China must be held to account for brutal treatment of Uighurs

Ireland cannot abdicate moral duty out of fear of a Beijing economic pushback

Today in China one out of every 10 Uighur people, a Muslim Turkic ethnic minority, have been imprisoned without trial. Well over a million people, who the Chinese government have decided are “not developed enough” economically or ideologically, have disappeared into a system of prison and forced labour camps, a system with chilling historical echoes.

At first, China’s rulers denied the existence of these camps until international scholars and journalists proved conclusively that they do exist. They did so through an analysis of Google Earth and other easily available satellite images which clearly show the construction of camps across the northwestern Xinjiang region where most of China’s 11 million Uighurs live. Other images show how mosques and important religious and cultural sites have been demolished in recent months.

Presented with proof, the Chinese government subsequently shifted position from denying the existence of the camps to stating that they are in fact “training centres” which have been established to help Uighurs learn vocational skills and improve their Mandarin Chinese language abilities. Historically Xinjiang has been one of China’s poorest regions, but is rich in oil and gas and today forms a central part of China’s multi-trillion-dollar Belt and Road foreign investment programme.

After being forced to admit the camps exist, Chinese officials invited international journalists on carefully controlled tours of “model camps”. Journalists reported bizarre scenes of inmates singing English songs such as If You are Happy and You Know It, Clap Your Hands and praising the camps for curing them of their “wrong thinking”.


Journalists were not shown the orphanages where the children of those imprisoned are now being held or the increasingly empty towns and villages where those inmates once lived, but they found them anyway.

Detention and brainwashing

It was through the accounts from the family members of those who have been imprisoned and testimony from those who have escaped the region that we are able to gain an insight into what is really going on in the camps. The picture is confirmed by the China Papers reported on in the The Irish Times and other media outlets today.

The China Papers documents combined with earlier testimony paints a picture of involuntary detention, brutality and ideological brainwashing in squalid, overcrowded camps. Credible reports are now emerging of detainees dying in these camps. In October Radio Free Asia quoted a Xinjiang policeman saying 150 people had died in camps in his region alone.

The entire province increasingly resembles a prison. CCTV monitors every street and house; all Uighurs have had to give DNA samples to the authorities and hand in their passports to police “for safe keeping”. Officials have been told to watch out for such “extremist behaviour” such as not watching television or not smoking cigarettes. Facial recognition software scans can identify anyone walking down the street.

One million Chinese officials have been sent from other regions of China to live with Uighur families as part of a “home stay” programme which aims to teach families about the benefits the Chinese government has brought them while also watching for “undesirable behaviour”.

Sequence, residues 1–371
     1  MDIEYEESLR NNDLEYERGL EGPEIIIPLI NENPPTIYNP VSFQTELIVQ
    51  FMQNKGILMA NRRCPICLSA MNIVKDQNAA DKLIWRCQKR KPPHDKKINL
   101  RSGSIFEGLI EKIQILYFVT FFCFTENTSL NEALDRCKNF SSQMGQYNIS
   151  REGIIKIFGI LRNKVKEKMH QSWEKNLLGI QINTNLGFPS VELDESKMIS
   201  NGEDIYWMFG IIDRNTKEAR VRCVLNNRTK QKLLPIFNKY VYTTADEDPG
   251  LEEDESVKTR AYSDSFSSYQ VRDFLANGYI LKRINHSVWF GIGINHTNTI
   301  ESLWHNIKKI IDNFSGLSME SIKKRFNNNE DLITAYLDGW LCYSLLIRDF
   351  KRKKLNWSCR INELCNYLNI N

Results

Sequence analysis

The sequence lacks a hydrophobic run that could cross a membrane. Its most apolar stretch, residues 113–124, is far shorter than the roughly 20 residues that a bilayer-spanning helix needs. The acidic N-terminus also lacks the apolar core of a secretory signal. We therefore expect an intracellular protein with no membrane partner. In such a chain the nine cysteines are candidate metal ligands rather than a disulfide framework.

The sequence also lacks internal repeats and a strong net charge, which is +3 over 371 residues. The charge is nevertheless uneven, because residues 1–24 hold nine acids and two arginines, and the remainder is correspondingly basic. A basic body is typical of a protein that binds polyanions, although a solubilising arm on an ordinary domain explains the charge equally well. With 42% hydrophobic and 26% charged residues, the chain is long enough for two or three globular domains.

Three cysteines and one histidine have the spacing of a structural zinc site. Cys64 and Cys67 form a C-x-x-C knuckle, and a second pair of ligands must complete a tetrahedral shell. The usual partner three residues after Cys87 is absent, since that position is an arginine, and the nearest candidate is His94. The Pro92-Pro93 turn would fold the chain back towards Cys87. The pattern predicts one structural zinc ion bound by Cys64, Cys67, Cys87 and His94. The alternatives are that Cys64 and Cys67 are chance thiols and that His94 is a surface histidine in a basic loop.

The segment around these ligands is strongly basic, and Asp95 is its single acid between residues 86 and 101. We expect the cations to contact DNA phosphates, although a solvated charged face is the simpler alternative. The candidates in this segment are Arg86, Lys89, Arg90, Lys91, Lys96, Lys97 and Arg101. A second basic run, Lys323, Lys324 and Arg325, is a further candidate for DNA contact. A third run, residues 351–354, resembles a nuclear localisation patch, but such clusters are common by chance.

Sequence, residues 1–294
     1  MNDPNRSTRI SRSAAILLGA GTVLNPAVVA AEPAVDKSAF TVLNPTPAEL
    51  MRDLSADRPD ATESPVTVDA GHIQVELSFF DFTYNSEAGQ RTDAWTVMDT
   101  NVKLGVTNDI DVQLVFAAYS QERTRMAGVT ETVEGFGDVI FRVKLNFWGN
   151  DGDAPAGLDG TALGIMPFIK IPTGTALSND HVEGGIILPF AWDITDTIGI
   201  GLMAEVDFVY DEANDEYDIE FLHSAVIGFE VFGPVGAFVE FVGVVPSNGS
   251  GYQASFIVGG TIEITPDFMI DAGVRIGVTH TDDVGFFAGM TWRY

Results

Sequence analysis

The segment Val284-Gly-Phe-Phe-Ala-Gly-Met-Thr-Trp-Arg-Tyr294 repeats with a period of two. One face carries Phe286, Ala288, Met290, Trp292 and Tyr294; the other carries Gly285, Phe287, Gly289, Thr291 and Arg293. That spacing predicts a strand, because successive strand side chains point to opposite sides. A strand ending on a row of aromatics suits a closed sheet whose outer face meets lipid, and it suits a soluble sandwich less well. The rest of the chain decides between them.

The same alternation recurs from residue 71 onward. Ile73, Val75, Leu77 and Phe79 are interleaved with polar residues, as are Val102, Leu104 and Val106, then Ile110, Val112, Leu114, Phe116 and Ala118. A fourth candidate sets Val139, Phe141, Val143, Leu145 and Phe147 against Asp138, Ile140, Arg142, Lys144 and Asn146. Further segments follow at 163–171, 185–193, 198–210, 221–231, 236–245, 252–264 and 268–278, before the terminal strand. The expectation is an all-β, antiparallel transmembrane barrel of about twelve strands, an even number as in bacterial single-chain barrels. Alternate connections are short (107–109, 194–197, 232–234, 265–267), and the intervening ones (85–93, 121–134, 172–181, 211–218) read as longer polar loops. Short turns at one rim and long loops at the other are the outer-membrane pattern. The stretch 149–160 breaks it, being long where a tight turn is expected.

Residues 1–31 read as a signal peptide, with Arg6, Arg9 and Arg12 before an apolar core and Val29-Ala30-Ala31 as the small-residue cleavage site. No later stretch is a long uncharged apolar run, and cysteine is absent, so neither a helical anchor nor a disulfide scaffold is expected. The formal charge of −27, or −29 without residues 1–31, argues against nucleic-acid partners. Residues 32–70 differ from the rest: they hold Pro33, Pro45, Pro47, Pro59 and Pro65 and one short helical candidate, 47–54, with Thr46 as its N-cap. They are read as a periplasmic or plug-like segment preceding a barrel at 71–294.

Earlier this month, the New York Times published secret internal Chinese government documents which outlined how Uighurs had been “infected” by the “virus” of Islamic radicalism and must be quarantined and cured. Along with this was a private speech from President Xi Jinping in which he demanded “absolutely no mercy” be shown in the region.

Muslim nations’ silence

I have been travelling to Xinjiang for 16 years, and lived there for a number of years in the mid-2000s. Since late 2017, the friends who have so enriched my life, who have taught me so much, who have shown me such kindness and warmth and fun, have disappeared one by one into this appalling system.

The Government was one of 22 signatories of a recent letter to the UN’s Human Rights Council calling on China to end its internment campaign in Xinjiang. It is right that our government has spoken out about this, especially when compared to the actions of another group of 37 nations including Saudi Arabia, Pakistan, Oman, Kuwait, Qatar, the United Arab Emirates, Bahrain, Russia and the Philippines who responded to this letter by saying they support China’s prison camps.

Leading Muslim nations are helping the Chinese cover up what is being done in Xinjiang in return for billions of dollars of investment. This is a deeply uncomfortable truth for the world’s Islamic community or Ummah. It is almost beyond belief that one country can imprison one million Uighurs because of their religion and the Muslim world remains silent.

The Government must do more: we cannot continue normal economic and diplomatic relations with a state that is capable of this. We Irish are acutely aware how such policies of internment play into the hands of those who actively promote violence and destruction. And also how, once inculcated, this fear and hatred can last for generations with such devastating consequences.

For now, the Chinese government is adamant that its system of internment is working and that Xinjiang is safe and stable. Will it now release the million people it has brutalised, confident that they will take up manufacturing jobs in factories, renounce their religion and speak the language of their jailers? Will millions of people forget their experiences in prison camps, and become loyal workers in the Orwellian society the Chinese Communist Party has created in Xinjiang?

We cannot abdicate our moral duty to speak out simply for fear of upsetting the Chinese and suffering economic pushback. History will judge us so very harshly if we do.